“A surge in extreme weather events caused by climate change has led to the forced migration of climate displaced peoples. Many of those most imminently affected are our close neighbours in the Pacific Islands. Further, with the recent increase in Australia’s military spending, we are forced to recognise Australia’s role in displacing vulnerable people around the globe and the abuse of many of those people’s rights as they flee violence or climate change.
“Our continued backing of US wars of aggression (whose military is the biggest user of fossil fuels on the world), from Iraq to Palestine to Syria, renders us directly responsible for many of the refugees and asylum seekers now fleeing their homes and seeking refuge in this country.
“We want to expose the links between violent structures of oppression operating in this country and show that the system is crafted to serve a select few who are creating war, destroying our planet and abusing human rights. We want to uproot the system and work for a future where we all can thrive. Students have often been at the forefront of social change and we want to visiblise the violence that this country is built upon.”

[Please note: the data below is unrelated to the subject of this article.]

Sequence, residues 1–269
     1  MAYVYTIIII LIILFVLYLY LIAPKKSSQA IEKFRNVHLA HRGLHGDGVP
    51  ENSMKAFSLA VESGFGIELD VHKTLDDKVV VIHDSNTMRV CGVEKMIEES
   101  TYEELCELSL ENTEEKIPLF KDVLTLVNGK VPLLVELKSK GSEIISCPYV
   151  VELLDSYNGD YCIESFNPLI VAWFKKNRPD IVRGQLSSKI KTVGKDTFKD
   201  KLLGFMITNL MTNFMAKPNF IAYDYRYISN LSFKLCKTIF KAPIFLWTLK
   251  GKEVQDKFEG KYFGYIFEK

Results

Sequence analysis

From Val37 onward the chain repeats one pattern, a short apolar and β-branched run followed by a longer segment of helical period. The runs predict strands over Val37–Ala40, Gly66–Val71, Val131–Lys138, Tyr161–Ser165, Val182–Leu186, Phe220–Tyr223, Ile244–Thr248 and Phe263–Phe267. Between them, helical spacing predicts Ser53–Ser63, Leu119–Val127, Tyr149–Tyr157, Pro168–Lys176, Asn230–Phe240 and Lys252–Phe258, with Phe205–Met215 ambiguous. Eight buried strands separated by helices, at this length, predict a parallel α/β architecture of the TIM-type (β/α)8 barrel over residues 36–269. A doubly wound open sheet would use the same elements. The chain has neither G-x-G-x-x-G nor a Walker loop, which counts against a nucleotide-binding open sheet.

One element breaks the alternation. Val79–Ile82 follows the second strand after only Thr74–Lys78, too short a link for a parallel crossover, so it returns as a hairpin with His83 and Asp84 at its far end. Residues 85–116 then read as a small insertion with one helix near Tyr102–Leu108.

Students at the Border Force offices used their bodies to block worker access to the buildings. Outside the Border Force offices, a spokesperson for the students there Holly Brooke explained their protest: “The increased concentration of power in the hands of [Home Affairs minister] Peter Dutton is a significant erosion of our democracy. Dutton has repeatedly demonstrated his lack of empathy, his desire to punish those who come to Australia seeking help, and to politicise the terrible circumstances faced by refugees and asylum seekers.